I started withdrawing from friends. Even one cough from a friend would be enough to send my mind into a panicked frenzy as I wondered, "Are they getting sick? Am I sitting helplessly in this room, breathing in a bunch of floating viruses? Should I run? How can I get out of here?" I withdrew from all social situations; the fear of contamination turned me into a hermit, a recluse. My love life became barren as I withdrew further and further into the darkness of my room; I've gone years without the touch of a woman, without so much as a hug or a kiss, because my anxiety has kept me locked in my room. In fact, I've been alone and isolated for so long that I'm still too ashamed to admit exactly how many years have passed since I last had a girlfriend. No matter how lonely I am (and believe me, it is an excruciating solitude), the discomfort is not great enough to overcome the discomfort I feel when I going out into the world amongst the germs.
The only relief I have ever found is in my music. Since I was a recluse anyway, I had plenty of time to sit in my room and write and record music—lots and lots of music.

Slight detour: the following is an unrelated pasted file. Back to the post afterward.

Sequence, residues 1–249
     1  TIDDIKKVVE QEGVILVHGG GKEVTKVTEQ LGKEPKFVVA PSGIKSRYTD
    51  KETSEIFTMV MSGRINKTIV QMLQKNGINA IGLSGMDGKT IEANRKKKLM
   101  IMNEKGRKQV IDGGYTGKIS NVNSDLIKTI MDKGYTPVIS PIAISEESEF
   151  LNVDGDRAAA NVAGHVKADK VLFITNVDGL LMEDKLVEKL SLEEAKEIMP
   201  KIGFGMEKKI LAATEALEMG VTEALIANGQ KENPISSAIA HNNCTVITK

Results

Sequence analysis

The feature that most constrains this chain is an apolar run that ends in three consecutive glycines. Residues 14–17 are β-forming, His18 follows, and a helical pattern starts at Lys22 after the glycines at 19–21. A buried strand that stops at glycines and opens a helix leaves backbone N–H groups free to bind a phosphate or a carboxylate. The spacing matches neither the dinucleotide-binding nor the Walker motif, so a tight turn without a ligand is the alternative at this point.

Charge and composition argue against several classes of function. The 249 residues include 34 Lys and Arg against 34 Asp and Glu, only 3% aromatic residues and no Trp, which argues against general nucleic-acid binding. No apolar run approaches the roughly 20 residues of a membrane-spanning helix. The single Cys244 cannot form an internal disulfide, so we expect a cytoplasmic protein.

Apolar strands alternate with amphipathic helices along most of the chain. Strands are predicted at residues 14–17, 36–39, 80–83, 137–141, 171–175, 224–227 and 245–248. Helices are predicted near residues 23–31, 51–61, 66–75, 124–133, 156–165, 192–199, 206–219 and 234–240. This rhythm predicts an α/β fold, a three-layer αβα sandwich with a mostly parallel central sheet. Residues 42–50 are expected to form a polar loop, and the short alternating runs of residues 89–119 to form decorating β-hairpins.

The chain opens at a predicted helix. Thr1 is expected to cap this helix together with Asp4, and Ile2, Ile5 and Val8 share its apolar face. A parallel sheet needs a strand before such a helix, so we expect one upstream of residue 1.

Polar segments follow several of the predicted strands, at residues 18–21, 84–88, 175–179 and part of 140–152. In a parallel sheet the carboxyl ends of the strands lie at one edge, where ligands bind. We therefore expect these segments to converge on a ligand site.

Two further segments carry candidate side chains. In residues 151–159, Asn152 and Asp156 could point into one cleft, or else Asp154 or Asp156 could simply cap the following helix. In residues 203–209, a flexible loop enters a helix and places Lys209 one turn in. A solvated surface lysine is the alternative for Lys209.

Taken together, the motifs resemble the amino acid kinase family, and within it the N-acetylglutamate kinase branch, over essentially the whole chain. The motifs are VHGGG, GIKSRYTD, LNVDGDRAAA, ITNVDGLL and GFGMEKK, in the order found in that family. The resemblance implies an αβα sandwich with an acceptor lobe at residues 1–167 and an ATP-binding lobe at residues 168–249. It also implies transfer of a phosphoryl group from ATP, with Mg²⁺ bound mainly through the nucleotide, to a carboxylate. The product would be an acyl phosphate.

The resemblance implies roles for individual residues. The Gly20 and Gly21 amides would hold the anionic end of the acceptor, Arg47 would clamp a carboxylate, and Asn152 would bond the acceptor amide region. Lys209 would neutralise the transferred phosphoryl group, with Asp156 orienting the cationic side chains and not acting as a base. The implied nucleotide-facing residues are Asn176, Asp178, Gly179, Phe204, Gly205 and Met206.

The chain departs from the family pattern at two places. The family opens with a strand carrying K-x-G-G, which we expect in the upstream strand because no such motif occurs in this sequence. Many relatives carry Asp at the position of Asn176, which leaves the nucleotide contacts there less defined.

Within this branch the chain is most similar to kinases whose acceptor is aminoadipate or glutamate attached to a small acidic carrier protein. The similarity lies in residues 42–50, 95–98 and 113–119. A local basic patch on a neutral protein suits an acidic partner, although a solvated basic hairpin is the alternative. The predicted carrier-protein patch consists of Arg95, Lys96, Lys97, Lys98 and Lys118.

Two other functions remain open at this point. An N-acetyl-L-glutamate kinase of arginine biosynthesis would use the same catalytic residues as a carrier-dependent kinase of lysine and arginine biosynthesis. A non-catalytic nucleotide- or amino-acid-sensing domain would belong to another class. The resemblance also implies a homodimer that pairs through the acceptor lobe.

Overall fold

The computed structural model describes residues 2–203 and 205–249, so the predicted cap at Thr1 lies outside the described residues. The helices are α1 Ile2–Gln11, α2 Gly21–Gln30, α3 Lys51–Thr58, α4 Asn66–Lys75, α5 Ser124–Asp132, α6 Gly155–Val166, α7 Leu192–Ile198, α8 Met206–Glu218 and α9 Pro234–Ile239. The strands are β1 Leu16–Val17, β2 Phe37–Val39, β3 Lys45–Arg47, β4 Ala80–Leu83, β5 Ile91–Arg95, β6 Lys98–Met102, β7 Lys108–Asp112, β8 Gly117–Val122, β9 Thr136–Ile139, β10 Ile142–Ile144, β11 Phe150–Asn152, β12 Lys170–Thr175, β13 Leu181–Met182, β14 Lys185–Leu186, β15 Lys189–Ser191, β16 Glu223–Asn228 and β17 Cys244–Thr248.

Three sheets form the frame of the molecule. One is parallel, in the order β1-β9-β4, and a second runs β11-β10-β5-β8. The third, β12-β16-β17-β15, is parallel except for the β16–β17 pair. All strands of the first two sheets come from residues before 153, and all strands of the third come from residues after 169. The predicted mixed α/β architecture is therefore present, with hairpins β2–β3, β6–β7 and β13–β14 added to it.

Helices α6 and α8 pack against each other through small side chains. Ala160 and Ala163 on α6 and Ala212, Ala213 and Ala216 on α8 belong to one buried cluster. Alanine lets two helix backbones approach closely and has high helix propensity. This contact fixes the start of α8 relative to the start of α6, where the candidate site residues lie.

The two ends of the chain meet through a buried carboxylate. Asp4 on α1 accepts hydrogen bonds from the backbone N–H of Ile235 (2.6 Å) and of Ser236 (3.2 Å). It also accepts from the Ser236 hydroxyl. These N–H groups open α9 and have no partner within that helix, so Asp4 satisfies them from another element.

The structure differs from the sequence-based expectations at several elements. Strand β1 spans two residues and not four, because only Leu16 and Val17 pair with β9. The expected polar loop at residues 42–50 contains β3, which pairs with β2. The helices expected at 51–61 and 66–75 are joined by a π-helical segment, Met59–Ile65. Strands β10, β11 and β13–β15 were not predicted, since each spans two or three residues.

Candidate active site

Despite feeling as if I'm totally disconnected from and rejected by the world, I can still communicate through music
I've released many, many albums over the years with various projects, primarily one-man bands. Music has become the only way I can communicate with the outside world when I'm too terrified to set foot outside. I've never been very successful, and most of my projects are completely obscure, but simply going through the motions of composition and recording is enough to keep my mind occupied, and to keep me from worrying about getting sick. Although I have always written music primarily for myself, lately it has become more and more helpful to share it with the world just in case there might be someone out there listening. My entire discography for the last five years has been one gigantic, deafening cry for help. There's too much shame involved in simply telling people that I'm anxious as hell and it is ruining my life. It's too embarrassing to tell people that I'm one of "those people." So instead I communicate in a coded way.